Construction work involves a wide variety of work activities on site. It shouldn’t come as a surprise then that falls, trips, and slips can happen almost everyday. This is mainly due to the fact that construction and building work sites are a cacophony of structures at different completion stages; there are also ground holes, stored equipment and materials, and scaffoldings to consider. For many construction workers and managers, it seems that normal to have eyes even at the back of their heads in order to keep safe!

Working at Height

In many cases, working on buildings – whether demolitions or constructions – would necessitate people working from relatively high elevation; falls from which usually result in debilitating or fatal injuries. Workers’ risks for falling from heights while doing construction or building work are often heightened by constrictions in mobility and access to such high working spaces.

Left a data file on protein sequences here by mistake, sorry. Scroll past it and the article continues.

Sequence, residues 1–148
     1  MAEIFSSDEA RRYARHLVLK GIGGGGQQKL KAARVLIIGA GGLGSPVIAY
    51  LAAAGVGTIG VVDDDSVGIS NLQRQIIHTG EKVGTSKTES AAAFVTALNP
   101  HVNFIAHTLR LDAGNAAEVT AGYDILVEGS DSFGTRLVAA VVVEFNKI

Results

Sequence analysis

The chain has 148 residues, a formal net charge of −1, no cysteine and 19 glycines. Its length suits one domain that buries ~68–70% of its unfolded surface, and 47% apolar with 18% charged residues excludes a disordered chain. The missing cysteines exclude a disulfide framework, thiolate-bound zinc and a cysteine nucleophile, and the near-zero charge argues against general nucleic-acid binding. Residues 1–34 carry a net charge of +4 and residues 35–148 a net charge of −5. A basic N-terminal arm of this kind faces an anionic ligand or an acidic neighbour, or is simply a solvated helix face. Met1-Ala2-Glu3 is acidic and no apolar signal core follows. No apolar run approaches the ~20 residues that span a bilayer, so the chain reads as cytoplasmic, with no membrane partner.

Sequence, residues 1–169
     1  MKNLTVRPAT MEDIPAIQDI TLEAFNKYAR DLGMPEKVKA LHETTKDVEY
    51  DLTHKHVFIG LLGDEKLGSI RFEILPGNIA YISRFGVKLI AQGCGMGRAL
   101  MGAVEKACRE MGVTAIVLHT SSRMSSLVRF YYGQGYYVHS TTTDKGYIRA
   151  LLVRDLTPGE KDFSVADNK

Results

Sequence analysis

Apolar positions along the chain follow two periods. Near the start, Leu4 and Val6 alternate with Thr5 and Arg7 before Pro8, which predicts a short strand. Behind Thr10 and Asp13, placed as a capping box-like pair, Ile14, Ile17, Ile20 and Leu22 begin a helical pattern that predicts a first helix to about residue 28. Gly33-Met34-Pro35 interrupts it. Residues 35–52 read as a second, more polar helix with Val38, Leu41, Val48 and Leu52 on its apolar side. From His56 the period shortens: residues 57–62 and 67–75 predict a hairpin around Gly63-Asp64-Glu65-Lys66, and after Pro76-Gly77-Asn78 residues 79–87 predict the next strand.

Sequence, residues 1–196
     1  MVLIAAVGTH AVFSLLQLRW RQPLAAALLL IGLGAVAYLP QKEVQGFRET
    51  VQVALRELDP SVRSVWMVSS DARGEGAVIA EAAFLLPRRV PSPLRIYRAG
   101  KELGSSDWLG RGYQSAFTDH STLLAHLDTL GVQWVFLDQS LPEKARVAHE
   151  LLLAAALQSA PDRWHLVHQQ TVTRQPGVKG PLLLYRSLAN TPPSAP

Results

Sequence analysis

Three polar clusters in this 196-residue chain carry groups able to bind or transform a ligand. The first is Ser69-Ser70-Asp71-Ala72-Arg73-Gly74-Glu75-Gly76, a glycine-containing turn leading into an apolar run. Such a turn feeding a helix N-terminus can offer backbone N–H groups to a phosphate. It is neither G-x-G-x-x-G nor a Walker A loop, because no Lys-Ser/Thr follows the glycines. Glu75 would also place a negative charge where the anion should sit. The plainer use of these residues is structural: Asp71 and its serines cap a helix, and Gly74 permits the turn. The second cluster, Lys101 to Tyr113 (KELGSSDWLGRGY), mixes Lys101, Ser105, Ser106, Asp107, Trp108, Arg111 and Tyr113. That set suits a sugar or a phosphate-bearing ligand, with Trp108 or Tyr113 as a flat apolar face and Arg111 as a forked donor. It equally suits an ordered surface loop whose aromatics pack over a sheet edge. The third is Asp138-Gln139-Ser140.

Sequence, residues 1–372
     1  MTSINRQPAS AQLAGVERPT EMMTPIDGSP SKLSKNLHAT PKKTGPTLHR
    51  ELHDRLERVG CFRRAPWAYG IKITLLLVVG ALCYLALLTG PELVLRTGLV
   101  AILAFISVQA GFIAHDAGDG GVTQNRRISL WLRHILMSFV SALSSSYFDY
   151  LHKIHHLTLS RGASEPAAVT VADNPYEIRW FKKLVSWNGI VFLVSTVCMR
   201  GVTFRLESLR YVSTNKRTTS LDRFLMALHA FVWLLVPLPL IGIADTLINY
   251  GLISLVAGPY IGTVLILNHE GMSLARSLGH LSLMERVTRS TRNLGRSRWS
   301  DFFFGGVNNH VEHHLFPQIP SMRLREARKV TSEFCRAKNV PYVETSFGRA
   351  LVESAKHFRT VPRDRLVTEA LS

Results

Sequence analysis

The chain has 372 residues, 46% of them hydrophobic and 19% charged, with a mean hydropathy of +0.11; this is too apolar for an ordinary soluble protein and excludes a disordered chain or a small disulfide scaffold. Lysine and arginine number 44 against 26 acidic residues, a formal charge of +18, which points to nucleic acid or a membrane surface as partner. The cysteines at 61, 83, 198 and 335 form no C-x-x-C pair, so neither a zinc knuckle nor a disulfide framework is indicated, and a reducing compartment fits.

Hand Arm Vibration Syndrome

Many construction workers suffer from a condition called hand-arm vibration syndrome, or HAVS. It’s a condition in which a person suffers from a debilitating and painful condition of the blood vessels, joints, and nerves caused by extended and chronic use of vibrating ground working equipment and power tools. This particular medical condition is one of the most prominent causes or basis for claims filed by former construction workers against their former employers who fail to provide adequate protection for their former and current workers.

Electricity